, Volume 52, Issue 3, pp 587–601 | Cite as

Stasis domains and slip surfaces in the locomotion of a bio-inspired two-segment crawler

  • Paolo Gidoni
  • Antonio DeSimoneEmail author
Advances in Biomechanics: from foundations to applications


We formulate and solve the locomotion problem for a bio-inspired crawler consisting of two active elastic segments (i.e., capable of changing their rest lengths), resting on three supports providing directional frictional interactions. The problem consists in finding the motion produced by a given, slow actuation history. By focusing on the tensions in the elastic segments, we show that the evolution laws for the system are entirely analogous to the flow rules of elasto-plasticity. In particular, sliding of the supports and hence motion cannot occur when the tensions are in the interior of certain convex regions (stasis domains), while support sliding (and hence motion) can only take place when the tensions are on the boundary of such regions (slip surfaces). We solve the locomotion problem explicitly in a few interesting examples. In particular, we show that, for a suitable range of the friction parameters, specific choices of the actuation strategy can lead to net displacements also in the direction of higher friction.


Soft bio-mimetic robots Crawling motility Directional surfaces Rate-independent systems 



This work has been supported by the ERC Advanced Grant 340685-MicroMotility.


  1. 1.
    Arroyo M, Heltai L, Milan D, DeSimone A (2012) Reverse engineering the euglenoid movement. Proc Nat Acad Sci USA 109:17874–17879. doi: 10.1073/pnas.1213977109 ADSCrossRefGoogle Scholar
  2. 2.
    Bolotnik N, Pivovarov M, Zeidis I, Zimmermann K (2015) On the motion of lumped-mass and distributed-mass self-propelling systems in a linear resistive environment. Z Angew Math Mech. doi: 10.1002/zamm.201500091
  3. 3.
    Borisenko IN, Figurina TYu, Chernousko FL (2014) The quasi-static motion of a three body system on a plane. J Appl Math Mech 78:220–227. doi: 10.1016/j.jappmathmech.2014.09.003 MathSciNetCrossRefGoogle Scholar
  4. 4.
    DeSimone A, Tatone A (2012) Crawling motility through the analysis of model locomotors: two case studies. Eur Phys J E 35:85. doi: 10.1140/epje/i2012-12085-x CrossRefGoogle Scholar
  5. 5.
    DeSimone A, Guarnieri F, Noselli G, Tatone A (2013) Crawlers in viscous environments: linear vs non-linear rheology. Int J Non-Linear Mech 56:142–147. doi: 10.1016/j.ijnonlinmec.2013.02.007 CrossRefGoogle Scholar
  6. 6.
    DeSimone A, Gidoni P, Noselli G (2015) Liquid crystal elastomer strips as soft crawlers. J Mech Phys Solids 85:254–272. doi: 10.1016/j.jmps.2015.07.017 ADSMathSciNetCrossRefGoogle Scholar
  7. 7.
    Gidoni P, Noselli G, DeSimone A (2014) Crawling on directional surfaces. Int J Non-Linear Mech 61:65–73. doi: 10.1016/j.ijnonlinmec.2014.01.012 CrossRefGoogle Scholar
  8. 8.
    Hirose S (1993) Biologically inspired robots: snake-like locomotors and manipulators. Oxford University Press, OxfordGoogle Scholar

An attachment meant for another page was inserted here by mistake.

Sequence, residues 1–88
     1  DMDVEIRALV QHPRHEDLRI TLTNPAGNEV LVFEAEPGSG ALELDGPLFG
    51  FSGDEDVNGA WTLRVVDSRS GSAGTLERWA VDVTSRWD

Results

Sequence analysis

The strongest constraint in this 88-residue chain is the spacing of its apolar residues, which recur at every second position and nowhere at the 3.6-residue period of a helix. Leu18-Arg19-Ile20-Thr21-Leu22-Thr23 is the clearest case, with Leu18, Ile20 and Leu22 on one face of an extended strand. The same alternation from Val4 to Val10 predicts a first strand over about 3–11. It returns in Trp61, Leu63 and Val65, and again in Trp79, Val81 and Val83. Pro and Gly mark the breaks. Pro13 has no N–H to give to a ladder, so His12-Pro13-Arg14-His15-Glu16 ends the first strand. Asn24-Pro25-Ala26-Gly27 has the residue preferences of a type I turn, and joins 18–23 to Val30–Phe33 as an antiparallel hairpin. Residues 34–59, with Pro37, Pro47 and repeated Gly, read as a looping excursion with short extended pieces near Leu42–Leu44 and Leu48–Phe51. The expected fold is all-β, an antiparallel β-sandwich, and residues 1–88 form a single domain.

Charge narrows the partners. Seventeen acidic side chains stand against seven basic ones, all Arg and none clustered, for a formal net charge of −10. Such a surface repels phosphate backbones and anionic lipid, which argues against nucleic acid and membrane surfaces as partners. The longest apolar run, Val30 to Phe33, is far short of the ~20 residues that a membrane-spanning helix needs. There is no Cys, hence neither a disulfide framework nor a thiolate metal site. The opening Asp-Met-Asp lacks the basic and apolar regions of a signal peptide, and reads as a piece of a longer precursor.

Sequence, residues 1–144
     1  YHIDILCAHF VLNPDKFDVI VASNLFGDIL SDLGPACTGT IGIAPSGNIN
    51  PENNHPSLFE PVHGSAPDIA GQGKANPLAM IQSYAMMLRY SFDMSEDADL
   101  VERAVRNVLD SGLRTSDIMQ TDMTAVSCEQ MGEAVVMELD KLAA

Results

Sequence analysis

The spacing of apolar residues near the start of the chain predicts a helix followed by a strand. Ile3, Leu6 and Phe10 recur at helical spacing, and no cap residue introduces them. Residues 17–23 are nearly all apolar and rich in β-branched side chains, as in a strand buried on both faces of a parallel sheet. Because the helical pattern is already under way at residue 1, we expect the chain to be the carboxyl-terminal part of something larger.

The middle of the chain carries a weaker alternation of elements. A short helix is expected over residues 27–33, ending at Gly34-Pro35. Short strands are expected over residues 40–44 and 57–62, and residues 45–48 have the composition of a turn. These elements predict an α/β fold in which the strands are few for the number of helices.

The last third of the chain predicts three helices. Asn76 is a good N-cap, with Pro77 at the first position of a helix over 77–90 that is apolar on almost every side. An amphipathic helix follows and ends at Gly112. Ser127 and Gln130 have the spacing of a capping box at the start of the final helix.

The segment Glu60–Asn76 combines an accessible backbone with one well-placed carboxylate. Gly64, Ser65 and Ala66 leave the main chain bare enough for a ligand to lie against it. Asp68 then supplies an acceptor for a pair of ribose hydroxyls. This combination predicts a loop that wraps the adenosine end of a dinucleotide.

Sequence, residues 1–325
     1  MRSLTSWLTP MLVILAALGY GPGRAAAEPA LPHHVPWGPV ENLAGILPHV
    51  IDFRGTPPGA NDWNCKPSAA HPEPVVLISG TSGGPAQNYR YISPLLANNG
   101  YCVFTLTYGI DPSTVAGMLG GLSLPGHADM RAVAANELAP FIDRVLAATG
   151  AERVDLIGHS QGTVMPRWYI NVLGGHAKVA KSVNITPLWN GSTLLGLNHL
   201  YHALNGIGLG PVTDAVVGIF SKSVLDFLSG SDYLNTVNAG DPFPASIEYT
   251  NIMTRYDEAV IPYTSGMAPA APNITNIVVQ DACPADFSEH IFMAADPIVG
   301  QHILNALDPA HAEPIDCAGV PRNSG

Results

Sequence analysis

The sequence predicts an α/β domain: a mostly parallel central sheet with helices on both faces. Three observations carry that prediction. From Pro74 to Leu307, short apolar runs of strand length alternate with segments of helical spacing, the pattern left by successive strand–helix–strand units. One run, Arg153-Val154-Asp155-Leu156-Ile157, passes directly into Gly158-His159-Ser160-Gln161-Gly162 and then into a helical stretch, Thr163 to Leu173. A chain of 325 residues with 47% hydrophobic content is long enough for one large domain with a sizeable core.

9. 9.
    Ikuta K, Hasegawa T, Daifu S (2003) Hyper redundant miniature manipulator Hyper Finger for remote minimally invasive surgery in deep area. In: Proceeding of IEEE International Conference on Robotics and Automation, Vol. 1, Taipei, pp 1098–1102Google Scholar
  10. 10.
    Magnasco MO (1993) Forced thermal ratchets. Phys Rev Lett 71:1477–1481. doi: 10.1103/PhysRevLett.71.1477 ADSCrossRefGoogle Scholar
  11. 11.
    Menciassi A, Dario P (2003) Bio-inspired solutions for locomotion in the gastrointestinal tract: background and perspectives. Phil Trans R Soc Lond A 361:2287–2298. doi: 10.1098/rsta.2003.1255 ADSMathSciNetCrossRefGoogle Scholar
  12. 12.
    Menciassi A, Accoto D, Gorini S, Dario P (2006) Development of a biomimetic miniature robotic crawler. Auton Robot 21:155–163. doi: 10.1007/s10514-006-7846-9 CrossRefGoogle Scholar
  13. 13.
    Mielke A, Theil F (2004) On rate-independent hysteresis models. NoDEA Nonlinear Differ Equ Appl 11(2):151–189. doi: 10.1007/s00030-003-1052-7 MathSciNetCrossRefzbMATHGoogle Scholar
  14. 14.
    Mielke A (2005) Evolution of rate-independent systems. In: Dafermos C, Feireisl E (eds) Handbook of Differential Equations, evolutionary equations. Elsevier, AmsterdamGoogle Scholar
  15. 15.
    Mielke A, Roubíček T (2015) Rate-independent systems. Theory and application. Springer, BerlinCrossRefzbMATHGoogle Scholar
  16. 16.
    Montino A, DeSimone A (2015) Three-sphere low-Reynolds-number swimmer with a passive elastic arm. Eur Phys J E 38:42. doi: 10.1140/epje/i2015-15042-3 CrossRefGoogle Scholar
  17. 17.
    Noselli G, DeSimone A, Tatone A (2013) Discrete one-dimensional crawlers on viscous substrates: achievable net displacements and their energy cost. Mech Res Commun 58:73–81. doi: 10.1016/j.mechrescom.2013.10.023 CrossRefGoogle Scholar
  18. 18.
    Noselli G, DeSimone A (2014) A robotic crawler exploiting directional frictional interactions: experiments, numerics, and derivation of a reduced model. Proc Roy Soc Lond A 470:20140333. doi: 10.1098/rspa.2014.0333 ADSCrossRefGoogle Scholar
  19. 19.
    Recho P, Truskinovsky L (2016) Maximum velocity of self-propulsion for an active segment. Math Mech Solids 21:263–278. doi: 10.1177/1081286515588675 MathSciNetCrossRefzbMATHGoogle Scholar
  20. 20.
    Sheshka R, Recho P, Truskinovsky L (2015) Pseudo energy wells in active systems. Preprint arXiv:1509.02753v1
  21. 21.
    Steigenberger J, Behn C (2012) Worm-like locomotion systems. An intermediate theoretical approach. Oldenbourg Wissenschaftsverlag, BerlinCrossRefzbMATHGoogle Scholar
  22. 22.
    Zimmermann K, Zeidis I, Behn C (2009) Mechanics of terrestrial locomotion. Springer, BerlinzbMATHGoogle Scholar

Copyright information

© Springer Science+Business Media Dordrecht 2016

Authors and Affiliations

  1. 1.SISSA – International School for Advanced StudiesTriesteItaly
  2. 2.GSSI – Gran Sasso Science InstituteL’AquilaItaly

Personalised recommendations